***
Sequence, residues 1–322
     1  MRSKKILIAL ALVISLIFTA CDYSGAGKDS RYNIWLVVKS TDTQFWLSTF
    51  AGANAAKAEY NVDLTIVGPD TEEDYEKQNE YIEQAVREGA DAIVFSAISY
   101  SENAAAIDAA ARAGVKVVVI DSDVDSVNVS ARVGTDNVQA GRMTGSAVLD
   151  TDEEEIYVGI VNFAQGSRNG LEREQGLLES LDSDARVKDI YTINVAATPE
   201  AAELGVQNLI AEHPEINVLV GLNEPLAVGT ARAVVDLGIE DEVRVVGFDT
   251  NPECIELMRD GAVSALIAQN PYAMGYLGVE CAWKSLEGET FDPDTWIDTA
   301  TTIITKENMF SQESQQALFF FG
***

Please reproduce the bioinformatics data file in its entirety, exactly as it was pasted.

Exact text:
Sequence, residues 1–322
     1  MRSKKILIAL ALVISLIFTA CDYSGAGKDS RYNIWLVVKS TDTQFWLSTF
    51  AGANAAKAEY NVDLTIVGPD TEEDYEKQNE YIEQAVREGA DAIVFSAISY
   101  SENAAAIDAA ARAGVKVVVI DSDVDSVNVS ARVGTDNVQA GRMTGSAVLD
   151  TDEEEIYVGI VNFAQGSRNG LEREQGLLES LDSDARVKDI YTINVAATPE
   201  AAELGVQNLI AEHPEINVLV GLNEPLAVGT ARAVVDLGIE DEVRVVGFDT
   251  NPECIELMRD GAVSALIAQN PYAMGYLGVE CAWKSLEGET FDPDTWIDTA
   301  TTIITKENMF SQESQQALFF FG